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     The economic downturn has resulted in a flood of new cases appearing in our federal bankruptcy courts. With this comes a demand for more bankruptcy attorneys to handle the legal work. The debtor facing a bankruptcy filing should exercise due diligence in selecting an attorney to maximize the chances of a good outcome. One factor to consider is whether the attorney carries malpractice insurance with respect to the service being provided. This can provide some relief to the debtor if there are errors in the handling of the case leading to damage to the debtor.

Attorneys handling bankruptcy cases require an expertise in a variety of different disciplines.

Bankruptcy Cases Require a Variety of Different Disciplines

     Bankruptcy cases require that the attorney have knowledge of a variety of different disciplines as well as practical real-life experience. While older attorneys may have more experience, this does not necessarily give them an advantage over younger counsel, who may be more conscientious and zealous in their representation. The attorney's record of success in the client's type of case should be reviewed, before an agreement for representation is signed.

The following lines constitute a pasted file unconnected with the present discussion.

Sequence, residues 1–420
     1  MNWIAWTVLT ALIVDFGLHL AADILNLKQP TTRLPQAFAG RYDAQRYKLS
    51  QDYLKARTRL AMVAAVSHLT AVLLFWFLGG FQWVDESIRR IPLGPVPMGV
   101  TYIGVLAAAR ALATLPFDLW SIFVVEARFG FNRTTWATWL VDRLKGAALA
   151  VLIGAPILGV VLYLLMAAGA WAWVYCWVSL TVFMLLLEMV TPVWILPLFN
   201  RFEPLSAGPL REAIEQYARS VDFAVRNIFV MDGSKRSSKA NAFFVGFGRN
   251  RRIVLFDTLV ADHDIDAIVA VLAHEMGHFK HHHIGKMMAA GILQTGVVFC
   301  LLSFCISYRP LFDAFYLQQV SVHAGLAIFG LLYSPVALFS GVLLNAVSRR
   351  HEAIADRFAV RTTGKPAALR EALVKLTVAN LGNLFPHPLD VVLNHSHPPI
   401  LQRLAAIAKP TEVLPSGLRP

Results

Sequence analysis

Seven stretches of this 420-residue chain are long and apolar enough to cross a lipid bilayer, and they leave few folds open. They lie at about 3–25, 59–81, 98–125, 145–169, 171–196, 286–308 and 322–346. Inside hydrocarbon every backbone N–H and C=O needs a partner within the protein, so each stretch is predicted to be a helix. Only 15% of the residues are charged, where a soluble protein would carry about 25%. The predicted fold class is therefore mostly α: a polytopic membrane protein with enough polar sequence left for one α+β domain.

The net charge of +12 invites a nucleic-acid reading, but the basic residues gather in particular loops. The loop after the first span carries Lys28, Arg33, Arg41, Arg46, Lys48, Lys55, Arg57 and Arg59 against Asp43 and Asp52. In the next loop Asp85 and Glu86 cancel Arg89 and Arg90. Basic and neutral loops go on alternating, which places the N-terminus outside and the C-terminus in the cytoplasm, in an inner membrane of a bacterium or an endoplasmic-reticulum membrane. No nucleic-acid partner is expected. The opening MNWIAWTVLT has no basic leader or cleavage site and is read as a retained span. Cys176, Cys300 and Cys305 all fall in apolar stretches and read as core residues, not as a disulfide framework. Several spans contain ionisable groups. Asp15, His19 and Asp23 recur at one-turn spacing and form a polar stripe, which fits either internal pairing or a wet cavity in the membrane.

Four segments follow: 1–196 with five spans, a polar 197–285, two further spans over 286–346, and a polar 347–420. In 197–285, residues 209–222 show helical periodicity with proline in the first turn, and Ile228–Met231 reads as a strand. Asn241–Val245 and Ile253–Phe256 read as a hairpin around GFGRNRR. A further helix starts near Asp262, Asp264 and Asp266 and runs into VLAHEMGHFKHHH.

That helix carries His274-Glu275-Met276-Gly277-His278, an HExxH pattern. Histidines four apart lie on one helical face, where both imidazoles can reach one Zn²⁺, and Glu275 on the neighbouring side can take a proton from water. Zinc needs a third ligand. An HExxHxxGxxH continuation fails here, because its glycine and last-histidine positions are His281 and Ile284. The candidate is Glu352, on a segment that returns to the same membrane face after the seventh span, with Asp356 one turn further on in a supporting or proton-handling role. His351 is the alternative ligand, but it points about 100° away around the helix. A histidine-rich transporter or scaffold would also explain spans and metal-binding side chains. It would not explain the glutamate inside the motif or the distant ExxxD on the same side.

The Attorney Should Understand Bankruptcy Law

     Bankruptcy law is a very complicated and specialized area. It takes years of practice to become capable and adept at providing the best service to clients. The attorney needs to be cognizant of many different facets of law: federal statutory bankruptcy law; state laws of exemptions and fraudulent conveyances, real estate mortgage foreclosure including possible anti-deficiency statutes; state law regarding marriage dissolution, support and property rights; franchises; corporate, partnership, and business law; state laws regarding "piercing the corporate veil" and "alter ego" claims; and other federal law, including patents and trademarks.

The Attorney Should Have Malpractice Insurance